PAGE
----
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Post-conviction relief is possible after a guilty plea

On Behalf of | Jul 8, 2024 | Post-Conviction Relief |

Most criminal cases in Oregon end with a defendant entering a guilty plea, often after agreeing with prosecutors to a plea bargain that will determine the person’s punishment.

The fact a person pled guilty does not mean that they have no further options after they receive a sentence.

Defendants have the right to effective counsel both at a trial and, importantly, during plea bargaining.

The U.S. Supreme Court has in recent years clarified what the right to effective counsel means with respect to plea bargaining:

  • The attorney needs to advise their client of any significant consequences with respect to the person’s signing a plea deal, even if those consequences are not directly related to the person’s sentence.
  • They also need to have investigated the case well enough to be able to explain what rights and options a person is giving up by signing a plea deal.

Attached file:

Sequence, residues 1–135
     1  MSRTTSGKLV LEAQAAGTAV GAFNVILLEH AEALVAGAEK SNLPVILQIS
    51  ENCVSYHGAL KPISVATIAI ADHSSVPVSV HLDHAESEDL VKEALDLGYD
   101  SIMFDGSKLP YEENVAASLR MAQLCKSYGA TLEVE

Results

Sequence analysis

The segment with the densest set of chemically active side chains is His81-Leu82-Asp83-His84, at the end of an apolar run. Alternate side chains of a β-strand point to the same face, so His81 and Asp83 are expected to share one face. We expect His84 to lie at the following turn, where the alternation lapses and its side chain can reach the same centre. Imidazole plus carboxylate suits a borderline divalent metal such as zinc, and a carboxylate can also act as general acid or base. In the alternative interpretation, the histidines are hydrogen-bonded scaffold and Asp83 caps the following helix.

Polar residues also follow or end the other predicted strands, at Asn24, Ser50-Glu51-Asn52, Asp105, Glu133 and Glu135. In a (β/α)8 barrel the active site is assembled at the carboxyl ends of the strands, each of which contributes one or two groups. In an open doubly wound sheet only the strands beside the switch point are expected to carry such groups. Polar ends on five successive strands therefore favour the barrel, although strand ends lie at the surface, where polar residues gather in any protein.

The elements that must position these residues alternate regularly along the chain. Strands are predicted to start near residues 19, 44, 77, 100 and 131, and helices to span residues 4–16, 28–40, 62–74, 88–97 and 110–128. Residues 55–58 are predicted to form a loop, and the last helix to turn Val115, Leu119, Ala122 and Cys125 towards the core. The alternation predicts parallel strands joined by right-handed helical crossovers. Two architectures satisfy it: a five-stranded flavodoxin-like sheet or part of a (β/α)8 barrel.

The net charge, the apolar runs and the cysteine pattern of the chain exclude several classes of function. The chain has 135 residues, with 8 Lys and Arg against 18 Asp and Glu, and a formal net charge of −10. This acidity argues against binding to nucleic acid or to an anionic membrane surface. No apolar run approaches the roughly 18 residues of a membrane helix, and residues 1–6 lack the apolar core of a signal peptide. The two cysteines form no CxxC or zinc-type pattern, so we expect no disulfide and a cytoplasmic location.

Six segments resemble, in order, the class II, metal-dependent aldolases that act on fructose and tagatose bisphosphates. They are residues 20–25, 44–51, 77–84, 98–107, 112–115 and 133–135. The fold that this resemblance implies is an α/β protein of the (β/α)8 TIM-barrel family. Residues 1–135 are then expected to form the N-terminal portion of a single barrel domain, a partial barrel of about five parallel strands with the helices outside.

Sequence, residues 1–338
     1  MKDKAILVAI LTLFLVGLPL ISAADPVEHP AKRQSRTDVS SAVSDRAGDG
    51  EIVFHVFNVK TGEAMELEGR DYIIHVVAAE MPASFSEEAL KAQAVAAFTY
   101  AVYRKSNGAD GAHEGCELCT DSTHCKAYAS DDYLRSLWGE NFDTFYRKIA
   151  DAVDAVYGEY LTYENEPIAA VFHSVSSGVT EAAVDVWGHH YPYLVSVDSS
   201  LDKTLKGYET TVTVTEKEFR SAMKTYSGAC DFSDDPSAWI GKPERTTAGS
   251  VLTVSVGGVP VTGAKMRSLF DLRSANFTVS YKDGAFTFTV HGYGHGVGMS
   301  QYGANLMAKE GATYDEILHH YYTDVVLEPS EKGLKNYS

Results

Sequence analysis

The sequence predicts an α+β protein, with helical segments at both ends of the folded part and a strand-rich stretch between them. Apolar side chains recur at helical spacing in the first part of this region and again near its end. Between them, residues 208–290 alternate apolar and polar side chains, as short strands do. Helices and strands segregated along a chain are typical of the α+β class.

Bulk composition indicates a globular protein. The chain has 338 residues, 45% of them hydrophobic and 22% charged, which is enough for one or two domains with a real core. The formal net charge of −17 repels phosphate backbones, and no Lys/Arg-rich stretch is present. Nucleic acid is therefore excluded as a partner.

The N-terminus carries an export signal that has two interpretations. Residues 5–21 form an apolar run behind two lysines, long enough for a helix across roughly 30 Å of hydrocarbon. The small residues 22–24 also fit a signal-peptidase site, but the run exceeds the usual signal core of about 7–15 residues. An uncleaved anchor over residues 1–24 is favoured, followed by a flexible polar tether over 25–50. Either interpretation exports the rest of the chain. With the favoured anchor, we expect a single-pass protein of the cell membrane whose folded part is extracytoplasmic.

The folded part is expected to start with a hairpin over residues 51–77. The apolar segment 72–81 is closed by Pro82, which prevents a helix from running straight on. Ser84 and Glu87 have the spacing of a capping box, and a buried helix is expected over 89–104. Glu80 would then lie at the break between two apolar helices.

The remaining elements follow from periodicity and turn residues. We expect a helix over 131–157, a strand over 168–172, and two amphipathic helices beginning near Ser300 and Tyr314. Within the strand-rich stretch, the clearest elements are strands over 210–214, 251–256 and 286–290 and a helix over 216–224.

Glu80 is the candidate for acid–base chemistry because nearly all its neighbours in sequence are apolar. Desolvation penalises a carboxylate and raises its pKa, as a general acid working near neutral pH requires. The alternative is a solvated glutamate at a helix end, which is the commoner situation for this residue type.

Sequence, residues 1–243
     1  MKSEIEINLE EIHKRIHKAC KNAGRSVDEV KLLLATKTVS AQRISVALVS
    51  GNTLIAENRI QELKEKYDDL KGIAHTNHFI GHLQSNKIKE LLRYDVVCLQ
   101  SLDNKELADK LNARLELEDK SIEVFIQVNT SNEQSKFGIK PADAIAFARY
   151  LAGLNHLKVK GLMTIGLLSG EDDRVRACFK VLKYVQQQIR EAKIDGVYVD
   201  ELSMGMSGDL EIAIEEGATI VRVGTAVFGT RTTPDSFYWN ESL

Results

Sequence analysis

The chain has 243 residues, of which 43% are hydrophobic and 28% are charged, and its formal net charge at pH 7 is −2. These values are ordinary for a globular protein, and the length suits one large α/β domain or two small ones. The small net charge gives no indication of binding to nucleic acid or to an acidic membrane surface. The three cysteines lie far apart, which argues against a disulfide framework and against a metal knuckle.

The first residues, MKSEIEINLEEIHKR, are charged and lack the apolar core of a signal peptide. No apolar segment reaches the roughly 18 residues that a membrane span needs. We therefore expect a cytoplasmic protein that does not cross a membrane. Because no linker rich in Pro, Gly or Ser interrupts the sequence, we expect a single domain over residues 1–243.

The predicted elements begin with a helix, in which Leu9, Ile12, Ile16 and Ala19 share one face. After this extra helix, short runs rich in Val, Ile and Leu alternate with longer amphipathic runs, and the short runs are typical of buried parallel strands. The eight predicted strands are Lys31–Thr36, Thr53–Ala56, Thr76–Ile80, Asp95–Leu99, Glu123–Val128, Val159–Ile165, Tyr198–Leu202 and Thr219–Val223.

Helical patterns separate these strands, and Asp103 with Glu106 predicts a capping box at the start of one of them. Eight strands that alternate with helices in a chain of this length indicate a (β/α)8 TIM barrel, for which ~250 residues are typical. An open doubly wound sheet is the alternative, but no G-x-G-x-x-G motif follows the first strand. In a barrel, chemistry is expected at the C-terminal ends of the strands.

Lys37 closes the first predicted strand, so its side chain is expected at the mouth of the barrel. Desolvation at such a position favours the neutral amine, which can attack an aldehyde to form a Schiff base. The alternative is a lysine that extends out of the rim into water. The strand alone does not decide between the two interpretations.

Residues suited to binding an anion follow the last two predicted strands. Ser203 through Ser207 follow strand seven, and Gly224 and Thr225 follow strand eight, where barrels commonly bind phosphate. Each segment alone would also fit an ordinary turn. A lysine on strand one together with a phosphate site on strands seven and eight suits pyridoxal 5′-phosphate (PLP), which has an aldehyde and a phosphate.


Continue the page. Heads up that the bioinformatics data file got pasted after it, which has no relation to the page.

• At the most basic level, the attorney needs to make sure their client is entering a plea of guilty with their eyes wide open.
  • The attorney must communicate plea offers to their client and help their client evaluate them before the client decides to accept or reject the offer. The evaluation process requires the attorney to understand the case and have an accurate knowledge of the law. Not conveying an offer at all, or basing advice on a misunderstanding of the law, may deprive the defendant the right to effective assistance of counsel.

Oregonians who now regret how they handled a plea deal may have options

An Oregonian who now regrets their choices in plea negotiation, whether it involved accepting a guilty plea or refusing what turned out to be a good deal, may have legal options to pursue post-conviction relief.

Their defense attorney may have a role in making a poor decision, and that role may have made the plea-bargaining process unfair.

Whether a person received ineffective assistance of counsel will depend a lot on their individual facts and circumstances, so it is important that they understand their options and best arguments as they go through the post-conviction process.